According to the Missouri Agricultural Statistics Service report for the week ending August 27, 2017, 76% of the state reported topsoil moisture supplies in adequate to surplus condition. Similarly, 74% of the subsoil moisture supplies were in adequate to surplus condition. Corn was reported 62% in good to excellent condition compared to 76% at the same time last year. Soybean was 64% in good to excellent condition compared to 73% last year. Pastures were rated at 61% in good to excellent condition compared to 67% last year. Hay and other roughages were 95% adequate to surplus, similar to last year.

The summer of 2017 was characterized with highly variable rainfall across the Show Me State, ranging from extreme wetness to drought. Some counties in west central Missouri received more than 25-inches for the summer (Jun-Aug). Alternatively, some of the lowest rainfall totals were found across eastern Missouri, especially in an area south and southwest of St. Louis, where less than 6-inches were observed for the entire summer period.

Above normal temperatures dominated the Show Me State during September, especially after the first week of the month when a ridge of high pressure, parked over the western United States, shifted eastward into the middle part of the country. An early autumn heat wave brought the warmest weather for the month, with many locations reporting several days of high temperatures in the 90's. The statewide average monthly temperature was 70.3°F, or 2.7 degrees above normal.

Rain events were few, light and sporadic during September with a statewide monthly average of 0.98 inches, more than 3-inches below normal. It was the 5th driest September on record for Missouri, and driest September since 1956. Driest weather occurred over northeastern sections and in a 60-mile wide corridor extending from southwest of St. Louis to Branson. Another corridor of low rainfall totals extended from south of West Plains to Poplar Bluff, northeastward to Cape Girardeau. Radar rainfall estimates from many locations in the aforementioned areas were less than 0.50" for September. Abnormally dry to moderate drought conditions were impacting much of northern, eastern and southern Missouri by the end of September.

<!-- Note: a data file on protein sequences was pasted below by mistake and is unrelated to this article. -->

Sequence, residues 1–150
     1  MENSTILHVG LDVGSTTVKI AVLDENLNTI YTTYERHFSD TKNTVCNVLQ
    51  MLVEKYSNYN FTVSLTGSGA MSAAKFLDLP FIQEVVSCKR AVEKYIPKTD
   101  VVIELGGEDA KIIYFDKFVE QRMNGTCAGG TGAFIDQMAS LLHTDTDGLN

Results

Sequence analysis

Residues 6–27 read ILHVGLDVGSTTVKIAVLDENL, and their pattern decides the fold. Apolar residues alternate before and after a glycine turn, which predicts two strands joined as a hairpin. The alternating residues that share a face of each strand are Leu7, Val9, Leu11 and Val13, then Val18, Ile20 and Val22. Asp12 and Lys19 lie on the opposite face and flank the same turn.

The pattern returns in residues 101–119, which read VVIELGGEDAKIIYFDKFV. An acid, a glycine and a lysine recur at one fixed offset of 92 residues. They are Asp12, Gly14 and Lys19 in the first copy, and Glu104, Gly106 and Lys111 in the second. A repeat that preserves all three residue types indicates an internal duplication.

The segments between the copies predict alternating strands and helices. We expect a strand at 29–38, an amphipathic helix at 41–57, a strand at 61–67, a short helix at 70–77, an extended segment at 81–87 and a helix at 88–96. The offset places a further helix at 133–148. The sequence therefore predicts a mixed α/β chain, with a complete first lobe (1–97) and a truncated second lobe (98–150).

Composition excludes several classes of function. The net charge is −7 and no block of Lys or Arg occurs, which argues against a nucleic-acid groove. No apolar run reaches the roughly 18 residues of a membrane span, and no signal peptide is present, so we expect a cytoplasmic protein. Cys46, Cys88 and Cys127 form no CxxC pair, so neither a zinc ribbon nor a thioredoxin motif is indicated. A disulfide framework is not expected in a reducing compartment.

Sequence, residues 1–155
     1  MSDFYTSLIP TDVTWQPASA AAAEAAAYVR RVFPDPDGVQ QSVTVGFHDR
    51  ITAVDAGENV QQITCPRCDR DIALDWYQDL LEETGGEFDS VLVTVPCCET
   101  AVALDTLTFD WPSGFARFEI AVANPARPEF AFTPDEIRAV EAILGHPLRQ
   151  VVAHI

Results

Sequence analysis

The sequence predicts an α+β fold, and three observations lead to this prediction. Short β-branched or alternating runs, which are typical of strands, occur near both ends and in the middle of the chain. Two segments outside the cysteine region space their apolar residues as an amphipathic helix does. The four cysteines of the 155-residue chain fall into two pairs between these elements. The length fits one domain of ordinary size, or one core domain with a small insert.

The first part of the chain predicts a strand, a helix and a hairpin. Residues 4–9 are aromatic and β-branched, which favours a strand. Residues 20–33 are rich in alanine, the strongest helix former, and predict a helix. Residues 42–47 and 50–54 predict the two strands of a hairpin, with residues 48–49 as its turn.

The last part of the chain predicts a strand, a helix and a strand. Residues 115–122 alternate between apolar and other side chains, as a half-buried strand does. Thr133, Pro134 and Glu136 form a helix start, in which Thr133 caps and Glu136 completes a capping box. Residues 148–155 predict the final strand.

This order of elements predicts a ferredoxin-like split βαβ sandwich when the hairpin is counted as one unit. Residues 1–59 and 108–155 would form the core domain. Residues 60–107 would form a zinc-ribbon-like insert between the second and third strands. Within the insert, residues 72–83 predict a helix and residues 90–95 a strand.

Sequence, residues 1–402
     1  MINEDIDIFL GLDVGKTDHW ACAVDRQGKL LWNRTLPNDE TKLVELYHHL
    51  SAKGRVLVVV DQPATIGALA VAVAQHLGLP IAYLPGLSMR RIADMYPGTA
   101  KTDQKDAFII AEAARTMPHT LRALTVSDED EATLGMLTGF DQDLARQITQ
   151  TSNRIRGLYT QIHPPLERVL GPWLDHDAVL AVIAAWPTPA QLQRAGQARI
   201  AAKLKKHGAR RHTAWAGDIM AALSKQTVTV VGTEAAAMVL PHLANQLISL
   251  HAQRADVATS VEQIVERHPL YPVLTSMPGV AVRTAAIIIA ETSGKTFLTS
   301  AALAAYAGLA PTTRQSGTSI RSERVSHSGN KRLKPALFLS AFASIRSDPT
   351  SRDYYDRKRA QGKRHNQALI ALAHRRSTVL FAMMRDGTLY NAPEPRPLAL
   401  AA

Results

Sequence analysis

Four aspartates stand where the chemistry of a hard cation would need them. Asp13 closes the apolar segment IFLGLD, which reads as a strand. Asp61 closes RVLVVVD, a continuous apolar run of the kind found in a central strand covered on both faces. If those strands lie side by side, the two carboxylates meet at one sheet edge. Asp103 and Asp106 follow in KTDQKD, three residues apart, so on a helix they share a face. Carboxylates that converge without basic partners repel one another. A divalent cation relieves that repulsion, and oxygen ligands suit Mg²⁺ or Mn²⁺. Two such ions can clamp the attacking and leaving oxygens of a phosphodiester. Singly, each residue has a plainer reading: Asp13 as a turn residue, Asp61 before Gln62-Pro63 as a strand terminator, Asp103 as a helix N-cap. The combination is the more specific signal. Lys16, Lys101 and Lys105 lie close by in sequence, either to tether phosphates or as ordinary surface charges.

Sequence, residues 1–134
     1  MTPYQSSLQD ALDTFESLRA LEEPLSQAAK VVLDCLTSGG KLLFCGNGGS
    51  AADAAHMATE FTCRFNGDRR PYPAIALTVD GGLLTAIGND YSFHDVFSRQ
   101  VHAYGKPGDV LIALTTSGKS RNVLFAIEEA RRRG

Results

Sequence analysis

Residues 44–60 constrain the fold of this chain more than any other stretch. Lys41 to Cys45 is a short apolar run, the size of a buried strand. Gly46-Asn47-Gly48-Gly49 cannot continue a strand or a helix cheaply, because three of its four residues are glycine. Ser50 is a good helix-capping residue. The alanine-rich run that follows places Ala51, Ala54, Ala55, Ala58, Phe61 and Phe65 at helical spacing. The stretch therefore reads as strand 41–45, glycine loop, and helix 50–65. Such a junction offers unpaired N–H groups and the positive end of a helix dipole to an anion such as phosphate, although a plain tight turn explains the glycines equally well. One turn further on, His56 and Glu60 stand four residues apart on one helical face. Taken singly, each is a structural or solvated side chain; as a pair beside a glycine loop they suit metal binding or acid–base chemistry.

According to the Missouri Agricultural Statistics Service, as of October 1, 67% of the corn and 66% of the soybean crop was reported in good to excellent condition. The majority of hay and roughages were adequate (76%) to surplus (15%), while 81% of the stock water supplies were adequate. Corn harvest was advancing behind average at 44% compared to the 5-year average of 53%. Only 39% of the pastures were reported in good to excellent condition. More than half of the topsoil moisture conditions in the state were short (38%) to very short (21%). The majority of subsoil moisture conditions were also reported short (39%) to very short (15%).

Anomalous autumn warmth persisted through much of October with temperatures averaging 5-7 degrees above normal for the first 3 weeks of the month. A wetter pattern emerged, especially across northern, central and southwestern sections, and mitigated dryness concerns, with the exception of southeastern Missouri, where dry conditions persisted.

Wetter October weather limited opportunities for crop dry-down, harvest and other fieldwork activities. According to the Missouri Agricultural Statistics Service, for the week ending October 22, corn and soybean harvest was 69% and 45% complete, respectively; 12 percentage points behind the 5-year average for corn and 3 percentage points behind for soybean. The majority of topsoil and subsoil moisture conditions were reported adequate at 69% and 66%, respectively. Hay supplies and stock water supplies were also mostly adequate at 78% and 79%, respectively.

A northwesterly upper air flow pattern brought Canadian air masses into the region during the last week of October and resulted in cooler, below normal temperatures. The growing season effectively came to an end when widespread freezing temperatures impacted much of the state on October 28-29. Median spring and autumn dates for specific freeze thresholds in Missouri can be found at http://ipm.missouri.edu/FrostFreezeGuide